Women’s Rights Essay – Higher Education
Our mothers and grandmothers were sure that life is impossible without higher education – every self-respecting woman must first obtain a diploma confirming it and only then get married, give birth to children, and realize themselves in the chosen profession. Today the situation has radically changed – higher education is no longer relevant and does not belong to the value system of modern women. Why did this happen? Over the years that separate us from the youth of our mothers, not to mention grandmothers, much has changed in the world – time constantly accelerates its running and it is impossible to ignore this fact.
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Issue of Socioeconomic Status Complicating Women’s Experiences in Higher Education
Throughout recorded human history and most probably even earlier, women always had complications when it comes to access to power and/or education. Always unfairly tagged as the “weaker sex,” access and experiences to education, especially higher education is always complicated by several issues, one is socioeconomic status. Socioeconomic status is generally defined as the position of persons in society (Oxford Reference). The measurement of determining one’s socioeconomic status is often through a combination of education, income and occupation.
In most cultures, women are mostly seen as dependent on other people, family or spouse for their finances. This lack of financial independence makes it unsurprising that in a U.S. Census Bureau census of 2015, poverty rate among women is substantially above that of males (American Psychological Association). Besides actual lack of financial independence, maternal issues whether intentional or not also drive more women into poverty.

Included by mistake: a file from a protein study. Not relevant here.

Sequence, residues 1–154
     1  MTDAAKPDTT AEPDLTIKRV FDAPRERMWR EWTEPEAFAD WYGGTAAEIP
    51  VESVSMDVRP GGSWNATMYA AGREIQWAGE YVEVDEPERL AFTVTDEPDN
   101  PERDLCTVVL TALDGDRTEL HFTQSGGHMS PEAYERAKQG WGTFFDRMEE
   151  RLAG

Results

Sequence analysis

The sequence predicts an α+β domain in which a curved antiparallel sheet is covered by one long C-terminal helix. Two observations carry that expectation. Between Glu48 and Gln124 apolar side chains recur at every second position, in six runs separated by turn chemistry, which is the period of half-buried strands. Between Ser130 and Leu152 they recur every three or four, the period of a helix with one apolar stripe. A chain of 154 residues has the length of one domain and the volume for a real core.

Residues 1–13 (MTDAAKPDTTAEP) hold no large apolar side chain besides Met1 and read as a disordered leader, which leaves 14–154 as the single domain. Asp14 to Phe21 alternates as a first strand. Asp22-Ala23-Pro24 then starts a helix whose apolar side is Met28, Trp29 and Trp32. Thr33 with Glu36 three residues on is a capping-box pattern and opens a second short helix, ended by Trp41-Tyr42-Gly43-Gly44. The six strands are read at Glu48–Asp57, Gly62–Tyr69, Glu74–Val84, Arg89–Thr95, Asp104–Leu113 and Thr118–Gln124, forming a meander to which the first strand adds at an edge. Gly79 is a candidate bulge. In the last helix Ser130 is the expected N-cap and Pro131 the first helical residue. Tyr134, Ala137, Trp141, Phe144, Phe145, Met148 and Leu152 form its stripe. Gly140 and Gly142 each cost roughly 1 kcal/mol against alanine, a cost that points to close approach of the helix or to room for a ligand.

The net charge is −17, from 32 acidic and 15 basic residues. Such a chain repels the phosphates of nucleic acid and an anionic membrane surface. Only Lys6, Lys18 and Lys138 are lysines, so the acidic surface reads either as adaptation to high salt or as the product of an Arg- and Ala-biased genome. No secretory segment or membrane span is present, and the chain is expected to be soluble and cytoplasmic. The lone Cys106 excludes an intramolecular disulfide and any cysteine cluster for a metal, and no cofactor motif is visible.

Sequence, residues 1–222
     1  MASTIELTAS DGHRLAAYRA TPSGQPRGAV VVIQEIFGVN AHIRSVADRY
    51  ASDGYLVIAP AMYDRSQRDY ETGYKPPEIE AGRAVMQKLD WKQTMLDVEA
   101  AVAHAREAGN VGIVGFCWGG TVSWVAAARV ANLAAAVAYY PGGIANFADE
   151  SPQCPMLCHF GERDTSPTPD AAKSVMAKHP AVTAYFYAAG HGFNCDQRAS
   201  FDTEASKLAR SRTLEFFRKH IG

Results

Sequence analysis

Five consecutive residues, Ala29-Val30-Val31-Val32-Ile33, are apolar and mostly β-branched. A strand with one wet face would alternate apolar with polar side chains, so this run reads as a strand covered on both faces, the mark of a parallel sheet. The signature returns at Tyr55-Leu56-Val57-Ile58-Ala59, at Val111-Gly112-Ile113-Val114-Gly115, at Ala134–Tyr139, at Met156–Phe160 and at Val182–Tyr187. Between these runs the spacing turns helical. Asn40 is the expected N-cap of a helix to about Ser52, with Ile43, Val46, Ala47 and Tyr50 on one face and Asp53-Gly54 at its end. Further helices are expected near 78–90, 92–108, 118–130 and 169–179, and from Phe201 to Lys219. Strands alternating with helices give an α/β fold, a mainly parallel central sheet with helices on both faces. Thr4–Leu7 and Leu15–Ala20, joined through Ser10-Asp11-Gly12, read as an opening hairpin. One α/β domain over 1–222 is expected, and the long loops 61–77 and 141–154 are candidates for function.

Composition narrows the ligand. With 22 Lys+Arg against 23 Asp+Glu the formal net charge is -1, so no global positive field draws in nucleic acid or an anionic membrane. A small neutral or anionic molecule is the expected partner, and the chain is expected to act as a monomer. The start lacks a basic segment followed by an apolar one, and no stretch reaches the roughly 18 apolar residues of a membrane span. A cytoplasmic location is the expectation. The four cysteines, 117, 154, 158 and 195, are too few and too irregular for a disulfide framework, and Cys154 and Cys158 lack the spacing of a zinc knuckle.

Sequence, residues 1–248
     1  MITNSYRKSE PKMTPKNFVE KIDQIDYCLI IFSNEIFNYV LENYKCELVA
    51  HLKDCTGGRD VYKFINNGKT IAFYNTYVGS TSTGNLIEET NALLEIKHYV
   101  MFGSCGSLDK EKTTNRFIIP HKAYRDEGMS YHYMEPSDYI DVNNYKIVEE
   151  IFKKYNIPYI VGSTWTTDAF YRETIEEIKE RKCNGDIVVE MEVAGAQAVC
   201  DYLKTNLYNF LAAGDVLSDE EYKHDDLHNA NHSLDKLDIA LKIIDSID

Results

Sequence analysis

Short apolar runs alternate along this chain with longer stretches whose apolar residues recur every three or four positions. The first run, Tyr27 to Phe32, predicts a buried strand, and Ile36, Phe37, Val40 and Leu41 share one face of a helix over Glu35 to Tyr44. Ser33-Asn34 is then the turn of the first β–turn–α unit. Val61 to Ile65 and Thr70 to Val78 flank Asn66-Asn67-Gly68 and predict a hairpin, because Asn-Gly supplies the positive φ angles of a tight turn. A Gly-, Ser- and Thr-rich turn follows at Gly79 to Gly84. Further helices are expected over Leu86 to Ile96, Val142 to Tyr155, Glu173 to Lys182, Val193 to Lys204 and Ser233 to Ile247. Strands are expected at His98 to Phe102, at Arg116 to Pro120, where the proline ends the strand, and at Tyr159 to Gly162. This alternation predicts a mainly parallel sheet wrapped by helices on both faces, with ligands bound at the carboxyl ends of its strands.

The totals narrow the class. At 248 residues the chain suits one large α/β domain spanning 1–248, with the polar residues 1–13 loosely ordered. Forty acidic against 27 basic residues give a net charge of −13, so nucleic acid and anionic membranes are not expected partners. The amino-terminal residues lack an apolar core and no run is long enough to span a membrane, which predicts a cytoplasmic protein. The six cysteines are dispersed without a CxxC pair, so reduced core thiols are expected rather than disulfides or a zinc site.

A large majority, eight out ten women have full custody of their children (American Psychological Association). This makes custodial mothers twice as likely to have lower socioeconomic status than custodial fathers. Add to this the time and effort of actually taking care of the children and the complication this add to women’s access/experience in higher education is plain to see. To conclude, a woman’s socioeconomic status, especially if she’s in the lower rungs of it further complicates her access and experience in higher education. Even in state colleges and universities, education is not totally free. An added burden is the fact that women most of the time deal with child care. The time and effort of taking care of children makes it more difficult for women to get higher education.
- “Overview socioeconomic status” Oxford Reference, Oxford University Press, 2018, http://www.oxfordreference.com/view/10.1093/oi/authority.20110803100515750
- “Women & Socioeconomic Status” American Psychological Association, American Psychological Association, 2018, http://www.apa.org/pi/ses/resources/publications/women.aspx
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